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Infrastructure Spending By Cloud Giants Soared In Q1 As Hyperscalers Race To Build Bespoke Data Centers

Joseph Tsidulko
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As public cloud leaders race to attract big customers to their clouds, they're shelling out more than they have in years to build data centers faster, with much of that spend funding custom components.

The prime beneficiaries of record infrastructure spending in the first quarter of this year were ODM vendors that built hardware the hyperscale cloud operators designed themselves, according to a report released Monday by Synergy Research.

"Hyperscale operators are working at a scale that makes this approach feasible so they are sourcing more and more of their hardware through that process," the report's lead author, Synergy Research Director John Dinsdale, told CRN.

[Related: Cloud Leaderboard: AWS, Microsoft, IBM And Google Continue Infrastructure Dominance]

Capital expenditures on public cloud infrastructure surged 32 percent year-over-year in Q1, amounting to more than $11 billion overall spent on hardware and software. And while the start of the year usually sees a sharp decline in such spending, the falloff from Q4 of 2017 was an atypically low 2 percent.

It was the highest level of growth recorded over the last nine quarters, which typically saw 10 to 20 percent year-over-year increases.

That spend purchased servers, operating systems, storage, networking and virtualization software. Security and management software also accounted for roughly five percent of the $11 billion, Synergy said.

Dell EMC, Cisco, and HPE each saw between 5 and 10 percent of revenue generated from public cloud operators in the quarter. Microsoft, Hauwei and VMware trailed them in share.

But the ODM providers "continue to run away with the market," Dinsdale said.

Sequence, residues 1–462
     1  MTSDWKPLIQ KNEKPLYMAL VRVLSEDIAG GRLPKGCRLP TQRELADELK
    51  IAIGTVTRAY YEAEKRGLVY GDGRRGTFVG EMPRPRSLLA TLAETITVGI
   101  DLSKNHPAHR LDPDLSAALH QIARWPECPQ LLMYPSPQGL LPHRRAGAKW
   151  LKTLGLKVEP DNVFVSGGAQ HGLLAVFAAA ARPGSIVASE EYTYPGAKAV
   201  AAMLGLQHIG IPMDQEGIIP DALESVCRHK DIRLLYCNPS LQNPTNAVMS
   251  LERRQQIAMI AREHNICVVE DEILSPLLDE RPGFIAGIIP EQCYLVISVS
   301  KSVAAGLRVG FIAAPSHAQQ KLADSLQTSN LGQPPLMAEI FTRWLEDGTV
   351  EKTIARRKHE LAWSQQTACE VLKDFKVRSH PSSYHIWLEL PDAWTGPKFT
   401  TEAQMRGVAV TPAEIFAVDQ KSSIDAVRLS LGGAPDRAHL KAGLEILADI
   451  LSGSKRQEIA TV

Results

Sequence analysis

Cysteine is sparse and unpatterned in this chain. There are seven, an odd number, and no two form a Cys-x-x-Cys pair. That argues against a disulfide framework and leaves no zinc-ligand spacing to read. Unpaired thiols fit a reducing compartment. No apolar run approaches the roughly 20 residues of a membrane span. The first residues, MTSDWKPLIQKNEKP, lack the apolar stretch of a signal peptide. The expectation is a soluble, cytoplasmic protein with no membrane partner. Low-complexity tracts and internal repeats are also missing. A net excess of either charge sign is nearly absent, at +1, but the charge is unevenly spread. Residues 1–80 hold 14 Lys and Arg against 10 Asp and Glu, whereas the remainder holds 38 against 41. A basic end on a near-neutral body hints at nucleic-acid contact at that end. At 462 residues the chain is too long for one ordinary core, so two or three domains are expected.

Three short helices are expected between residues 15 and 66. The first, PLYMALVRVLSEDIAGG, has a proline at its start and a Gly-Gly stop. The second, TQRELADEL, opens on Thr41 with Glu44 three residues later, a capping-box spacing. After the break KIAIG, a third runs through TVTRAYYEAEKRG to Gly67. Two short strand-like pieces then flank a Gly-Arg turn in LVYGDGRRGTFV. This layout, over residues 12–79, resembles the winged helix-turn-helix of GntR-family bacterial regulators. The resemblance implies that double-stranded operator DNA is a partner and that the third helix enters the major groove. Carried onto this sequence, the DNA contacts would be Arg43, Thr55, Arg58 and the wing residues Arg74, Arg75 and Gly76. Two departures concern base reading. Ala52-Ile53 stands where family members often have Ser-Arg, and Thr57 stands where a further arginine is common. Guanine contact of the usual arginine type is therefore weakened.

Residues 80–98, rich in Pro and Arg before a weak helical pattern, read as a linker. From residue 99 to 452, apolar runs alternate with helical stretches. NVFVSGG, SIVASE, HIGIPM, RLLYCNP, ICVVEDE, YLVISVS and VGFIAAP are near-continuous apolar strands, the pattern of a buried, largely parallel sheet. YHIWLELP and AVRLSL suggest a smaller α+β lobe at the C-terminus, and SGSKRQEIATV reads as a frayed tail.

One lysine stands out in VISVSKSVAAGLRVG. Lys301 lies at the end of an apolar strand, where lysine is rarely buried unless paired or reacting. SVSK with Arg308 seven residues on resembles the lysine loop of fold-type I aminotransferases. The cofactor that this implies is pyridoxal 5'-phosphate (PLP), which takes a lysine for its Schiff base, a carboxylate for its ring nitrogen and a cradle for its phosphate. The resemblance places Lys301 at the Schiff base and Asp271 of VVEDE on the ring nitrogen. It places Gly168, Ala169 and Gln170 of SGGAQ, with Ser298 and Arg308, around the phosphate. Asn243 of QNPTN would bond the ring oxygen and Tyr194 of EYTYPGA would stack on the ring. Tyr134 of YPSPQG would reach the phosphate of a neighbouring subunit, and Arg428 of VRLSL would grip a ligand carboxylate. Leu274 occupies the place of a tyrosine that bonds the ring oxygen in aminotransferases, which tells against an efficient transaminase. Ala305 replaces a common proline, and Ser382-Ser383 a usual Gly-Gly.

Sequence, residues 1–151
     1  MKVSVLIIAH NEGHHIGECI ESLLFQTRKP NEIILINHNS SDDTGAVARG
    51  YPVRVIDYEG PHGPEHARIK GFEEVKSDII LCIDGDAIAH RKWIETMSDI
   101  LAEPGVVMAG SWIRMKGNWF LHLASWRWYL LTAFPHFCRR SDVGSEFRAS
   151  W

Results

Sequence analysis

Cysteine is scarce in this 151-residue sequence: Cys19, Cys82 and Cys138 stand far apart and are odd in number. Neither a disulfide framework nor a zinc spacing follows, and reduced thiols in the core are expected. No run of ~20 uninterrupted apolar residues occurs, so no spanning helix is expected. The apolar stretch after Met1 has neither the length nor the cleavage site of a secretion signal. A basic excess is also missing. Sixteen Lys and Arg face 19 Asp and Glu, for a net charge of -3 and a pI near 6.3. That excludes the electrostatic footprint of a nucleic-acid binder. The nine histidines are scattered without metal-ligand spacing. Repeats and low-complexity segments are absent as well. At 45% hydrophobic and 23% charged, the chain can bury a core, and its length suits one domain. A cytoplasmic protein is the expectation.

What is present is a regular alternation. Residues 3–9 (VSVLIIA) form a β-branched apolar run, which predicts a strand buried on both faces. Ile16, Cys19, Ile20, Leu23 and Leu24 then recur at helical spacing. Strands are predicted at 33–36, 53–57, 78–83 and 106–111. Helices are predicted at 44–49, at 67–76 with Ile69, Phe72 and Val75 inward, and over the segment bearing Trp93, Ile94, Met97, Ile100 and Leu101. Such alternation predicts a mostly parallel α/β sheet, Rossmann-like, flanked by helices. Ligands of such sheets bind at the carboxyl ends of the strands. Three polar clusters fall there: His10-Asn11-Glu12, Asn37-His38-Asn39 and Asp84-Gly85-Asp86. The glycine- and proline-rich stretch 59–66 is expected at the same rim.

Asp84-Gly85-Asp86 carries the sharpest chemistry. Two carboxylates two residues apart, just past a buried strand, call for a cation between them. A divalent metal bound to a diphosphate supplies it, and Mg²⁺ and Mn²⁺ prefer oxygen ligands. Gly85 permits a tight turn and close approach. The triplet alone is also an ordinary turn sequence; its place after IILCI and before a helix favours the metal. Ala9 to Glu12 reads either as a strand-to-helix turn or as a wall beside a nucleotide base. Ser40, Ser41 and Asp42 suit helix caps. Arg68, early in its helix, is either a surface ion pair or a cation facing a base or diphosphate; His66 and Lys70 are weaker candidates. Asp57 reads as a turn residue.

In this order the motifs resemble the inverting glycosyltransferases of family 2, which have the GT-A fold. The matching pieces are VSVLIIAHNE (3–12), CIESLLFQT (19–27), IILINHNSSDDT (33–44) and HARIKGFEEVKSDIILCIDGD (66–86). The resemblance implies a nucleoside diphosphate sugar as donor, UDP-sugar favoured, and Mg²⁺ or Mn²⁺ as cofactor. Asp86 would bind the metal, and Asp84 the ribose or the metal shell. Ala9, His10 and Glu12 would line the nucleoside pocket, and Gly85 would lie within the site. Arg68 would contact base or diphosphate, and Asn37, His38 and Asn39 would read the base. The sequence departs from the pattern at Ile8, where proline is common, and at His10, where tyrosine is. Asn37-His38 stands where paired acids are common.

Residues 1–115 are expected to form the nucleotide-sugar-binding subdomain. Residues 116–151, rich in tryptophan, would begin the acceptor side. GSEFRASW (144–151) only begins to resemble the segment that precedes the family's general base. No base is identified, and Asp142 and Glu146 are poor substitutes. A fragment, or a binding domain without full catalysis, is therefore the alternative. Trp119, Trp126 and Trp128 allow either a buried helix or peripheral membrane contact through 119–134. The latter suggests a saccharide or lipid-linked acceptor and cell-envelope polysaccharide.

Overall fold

Manufacturers like Quanta, Wistron, Inventec, Sanmina, and Flextronics that build bespoke hardware at large volumes claimed almost 30 percent of the billions spent on infrastructure as hyperscalers increasingly look to design their own components rather than source from traditional vendors.

The ODM approach allows large providers to save on costs while increasing control and flexibility over hardware implementation and the supply chain, Dinsdale told CRN.

By designing components in-house, they can "strip the hardware design down" to meet their precise requirements, he said.

While spending for the hardware and software components continues to ramp, since 2016 more money has gone to procuring services from those cloud providers.

The gulf between those two segments dramatically widened in 2017 due to three times faster growth in subscriptions for aggregated services than capital expenditures on infrastructure products.

In the first quarter, infrastructure services offered by those cloud providers—IaaS, PaaS, Hosted Private Cloud—generated more than $14 billion in revenue.

More than $11 billion was also spent on building private clouds—roughly equivalent to the public cloud infrastructure market.

"Our forecasts show that IaaS, PaaS, SaaS and public cloud workloads generally are all going to continue to grow rapidly over the next five years, which will continue to drive ever-increasing levels of spending on data center infrastructure," Synergy's report concluded.

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